The former might be eliminated if the BGT compiler does any sort of optimization, but in worst case this means you're allocating 2n memory, not bad for small dictionaries but imagine if you wanted to convert thousands of records to JSON?

So, remove the calls to get_keys() and replace them with an array reference. Something like this:

String[] keys = unparsed_data.get_keys();
uint n = keys.length; // Use constant here so we're not calculating the length of the array on every iteration.
for (uint x = 0; x<n; x++) {
string key = keys[x];
...

Otherwise, looks good and I hope people can use it!

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9

Maybe he did it that way because if storing into a dictionary, BGT is god awfully slow with dictionaries, unlike Python and other languages. I think BGT devs will go out of their way to not use them, unless its going to remain fairly small.

The bipeds think this place belongs to them, how cute.

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10

Hi Munawar.
You know that you just can make a pull request on the git repository with the fixes right smile
All that aside I will take a look at it if you don't do smile
- NicklasMCHD

I'm me. Just me. No one else. Only meeee!

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11

@ironcross32: He's iterating over a dictionary, so he is actually using a dictionary. In fact, I had no idea there was a noticeable performance penalty with BGT's dictionary implementation, so my post holds tenfold now because he will avoid the penalty by implementing my suggestion.

@NicklasMCHD: I never improve people's code for them as a matter of principle. The best way to learn is by doing, and I'm a firm believer in giving someone pointers so that they can improve on their own. Either way, I've given sample code there that you can pretty much copy-and-paste. smile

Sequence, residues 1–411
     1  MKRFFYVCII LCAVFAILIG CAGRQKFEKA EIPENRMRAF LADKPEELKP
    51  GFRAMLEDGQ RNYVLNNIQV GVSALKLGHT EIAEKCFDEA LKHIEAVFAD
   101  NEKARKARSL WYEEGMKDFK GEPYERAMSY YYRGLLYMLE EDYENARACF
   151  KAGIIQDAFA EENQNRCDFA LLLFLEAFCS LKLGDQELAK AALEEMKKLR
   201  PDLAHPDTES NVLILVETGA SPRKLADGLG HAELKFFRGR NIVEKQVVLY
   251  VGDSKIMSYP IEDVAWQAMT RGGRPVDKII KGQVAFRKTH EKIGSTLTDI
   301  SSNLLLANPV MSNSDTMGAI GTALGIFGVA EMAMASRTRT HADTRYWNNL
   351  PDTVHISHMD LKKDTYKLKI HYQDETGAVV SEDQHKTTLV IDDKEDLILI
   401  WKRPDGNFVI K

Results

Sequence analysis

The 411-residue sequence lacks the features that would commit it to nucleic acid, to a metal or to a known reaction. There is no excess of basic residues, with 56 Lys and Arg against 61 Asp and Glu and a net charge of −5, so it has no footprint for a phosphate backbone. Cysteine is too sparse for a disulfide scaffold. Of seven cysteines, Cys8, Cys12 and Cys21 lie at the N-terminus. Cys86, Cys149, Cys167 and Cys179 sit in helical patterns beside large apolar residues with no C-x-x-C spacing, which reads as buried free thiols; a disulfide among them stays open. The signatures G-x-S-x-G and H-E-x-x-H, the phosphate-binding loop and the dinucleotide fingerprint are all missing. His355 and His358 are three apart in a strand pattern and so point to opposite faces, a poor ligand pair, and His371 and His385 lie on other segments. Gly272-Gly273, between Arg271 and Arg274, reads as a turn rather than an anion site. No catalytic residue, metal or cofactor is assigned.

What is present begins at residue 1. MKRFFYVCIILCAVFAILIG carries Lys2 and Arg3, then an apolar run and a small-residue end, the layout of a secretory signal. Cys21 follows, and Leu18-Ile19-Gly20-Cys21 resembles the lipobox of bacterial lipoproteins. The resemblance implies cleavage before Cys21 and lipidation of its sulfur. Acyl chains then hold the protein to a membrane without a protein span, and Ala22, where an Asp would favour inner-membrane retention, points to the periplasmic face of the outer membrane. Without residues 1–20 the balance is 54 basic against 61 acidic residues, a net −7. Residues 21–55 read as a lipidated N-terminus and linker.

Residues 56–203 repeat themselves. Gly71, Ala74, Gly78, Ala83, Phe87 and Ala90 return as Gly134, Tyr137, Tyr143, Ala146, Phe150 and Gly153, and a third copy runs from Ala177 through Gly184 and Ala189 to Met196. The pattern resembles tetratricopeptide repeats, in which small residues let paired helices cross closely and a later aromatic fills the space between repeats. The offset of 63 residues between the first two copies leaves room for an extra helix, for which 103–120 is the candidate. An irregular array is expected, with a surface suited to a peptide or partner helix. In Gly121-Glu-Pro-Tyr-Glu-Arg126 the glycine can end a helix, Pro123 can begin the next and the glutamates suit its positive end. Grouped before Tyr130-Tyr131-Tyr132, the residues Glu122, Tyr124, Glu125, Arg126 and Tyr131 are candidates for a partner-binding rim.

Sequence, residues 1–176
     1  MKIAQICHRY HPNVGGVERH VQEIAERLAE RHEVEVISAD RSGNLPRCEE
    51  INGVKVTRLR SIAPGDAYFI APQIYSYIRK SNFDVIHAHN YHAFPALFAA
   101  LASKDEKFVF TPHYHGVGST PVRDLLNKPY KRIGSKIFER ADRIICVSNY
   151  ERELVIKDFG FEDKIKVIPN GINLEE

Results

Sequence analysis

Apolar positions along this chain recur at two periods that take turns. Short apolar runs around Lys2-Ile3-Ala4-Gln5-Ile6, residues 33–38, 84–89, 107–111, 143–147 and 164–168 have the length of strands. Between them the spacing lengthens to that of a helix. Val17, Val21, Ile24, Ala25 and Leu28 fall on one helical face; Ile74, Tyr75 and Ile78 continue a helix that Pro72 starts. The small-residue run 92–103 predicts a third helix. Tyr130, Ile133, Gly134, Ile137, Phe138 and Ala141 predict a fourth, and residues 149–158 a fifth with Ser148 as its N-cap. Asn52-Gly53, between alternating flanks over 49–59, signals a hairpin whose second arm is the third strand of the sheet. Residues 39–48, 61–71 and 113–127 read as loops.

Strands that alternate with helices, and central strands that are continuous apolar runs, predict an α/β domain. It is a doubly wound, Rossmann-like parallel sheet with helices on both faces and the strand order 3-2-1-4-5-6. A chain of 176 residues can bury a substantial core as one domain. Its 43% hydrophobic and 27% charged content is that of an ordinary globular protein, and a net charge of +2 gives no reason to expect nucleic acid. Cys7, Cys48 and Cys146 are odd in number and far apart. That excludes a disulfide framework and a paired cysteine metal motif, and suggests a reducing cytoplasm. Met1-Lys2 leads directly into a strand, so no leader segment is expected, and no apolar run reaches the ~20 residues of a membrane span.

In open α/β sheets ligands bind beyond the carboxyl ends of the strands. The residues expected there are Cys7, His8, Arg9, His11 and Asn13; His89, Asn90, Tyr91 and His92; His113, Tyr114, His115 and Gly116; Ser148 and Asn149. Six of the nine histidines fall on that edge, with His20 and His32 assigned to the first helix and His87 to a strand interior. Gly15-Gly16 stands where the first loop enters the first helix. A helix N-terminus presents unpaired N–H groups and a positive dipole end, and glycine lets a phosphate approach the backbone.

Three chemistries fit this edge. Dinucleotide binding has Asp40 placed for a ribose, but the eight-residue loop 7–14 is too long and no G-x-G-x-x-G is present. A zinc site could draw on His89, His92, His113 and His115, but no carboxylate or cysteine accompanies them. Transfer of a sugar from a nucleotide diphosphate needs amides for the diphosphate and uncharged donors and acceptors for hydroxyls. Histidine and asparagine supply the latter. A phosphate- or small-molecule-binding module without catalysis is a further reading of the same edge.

Never, ever let anyone code for you.

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12

I'm not good enough with it to ever have the need of doing it, but I know other BGT devs avoid them like the plague, certainly not storing game maps in them.

The bipeds think this place belongs to them, how cute.

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13

Yes, storing maps in a dictionary has been proven to be slower than alternatives. Especially because they are generally stored 1 tile at a time. Take this example:
"1,1" => 3 (or "grass" if you are taking the strings route)
"1,2" => 2
Generally better practice in BGT is to store maps in arrays.

Sincerely,
Lucas.

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14

Yup, but he still wrote the library to convert a dictionary to JSON. Whether it's generally used or not is beside the point. I don't think it's appropriate to discuss using or not using a dictionary on this thread, since his library is general purpose right.

And, really, JSON is much easier to work with when represented as a map / dictionary structure. Storing data that will, in future, be converted to JSON in parallel arrays is a little bit more difficult and error-prone than using a map structure and converting that, because you don't have the problem of running out of bounds with respect to mismatched array sizes and all that.

I think it's awesome OP has tried his hand at building a library that someone besides the naysayers will find useful. Even seemingly irrelevant code on GitHub gets used from time to time. Let's not discourage people here.

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15

Hi.
So I've implemented the code changes suggestions by @Munawar in post 8.
Which basicly mean, that if you're working with a big set of json data, it should now save (encode) a bit faster.
- NicklasMCHD

I'm me. Just me. No one else. Only meeee!

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16

dictionaries are rather well performing unless you do the one tile at a time, thing. An because of the way JSON works, really a dictionary is the only equivalent bgt thing. It's basically a key/value pair. Currently though if you try to retrieve as an int from any JSON dump, even if it's supposed to be an int, you get nothing becuase it does everything as strings...

----------
An anomaly in the matrix. An error in existence. A being who cannot get inside the goddamn box! A.K.A. Me.